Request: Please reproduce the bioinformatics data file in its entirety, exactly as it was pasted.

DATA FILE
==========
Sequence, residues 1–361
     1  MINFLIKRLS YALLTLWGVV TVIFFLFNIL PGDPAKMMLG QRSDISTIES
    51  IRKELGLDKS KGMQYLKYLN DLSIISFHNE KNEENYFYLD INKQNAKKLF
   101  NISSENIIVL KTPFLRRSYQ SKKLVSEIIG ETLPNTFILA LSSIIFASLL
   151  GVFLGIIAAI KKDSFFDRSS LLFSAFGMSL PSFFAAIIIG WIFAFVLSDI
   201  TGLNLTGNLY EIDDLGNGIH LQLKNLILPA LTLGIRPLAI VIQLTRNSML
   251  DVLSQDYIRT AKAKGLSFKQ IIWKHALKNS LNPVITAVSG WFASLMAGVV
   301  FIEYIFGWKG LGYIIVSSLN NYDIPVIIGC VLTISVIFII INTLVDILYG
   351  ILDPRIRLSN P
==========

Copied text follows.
Sequence, residues 1–361
     1  MINFLIKRLS YALLTLWGVV TVIFFLFNIL PGDPAKMMLG QRSDISTIES
    51  IRKELGLDKS KGMQYLKYLN DLSIISFHNE KNEENYFYLD INKQNAKKLF
   101  NISSENIIVL KTPFLRRSYQ SKKLVSEIIG ETLPNTFILA LSSIIFASLL
   151  GVFLGIIAAI KKDSFFDRSS LLFSAFGMSL PSFFAAIIIG WIFAFVLSDI
   201  TGLNLTGNLY EIDDLGNGIH LQLKNLILPA LTLGIRPLAI VIQLTRNSML
   251  DVLSQDYIRT AKAKGLSFKQ IIWKHALKNS LNPVITAVSG WFASLMAGVV
   301  FIEYIFGWKG LGYIIVSSLN NYDIPVIIGC VLTISVIFII INTLVDILYG
   351  ILDPRIRLSN P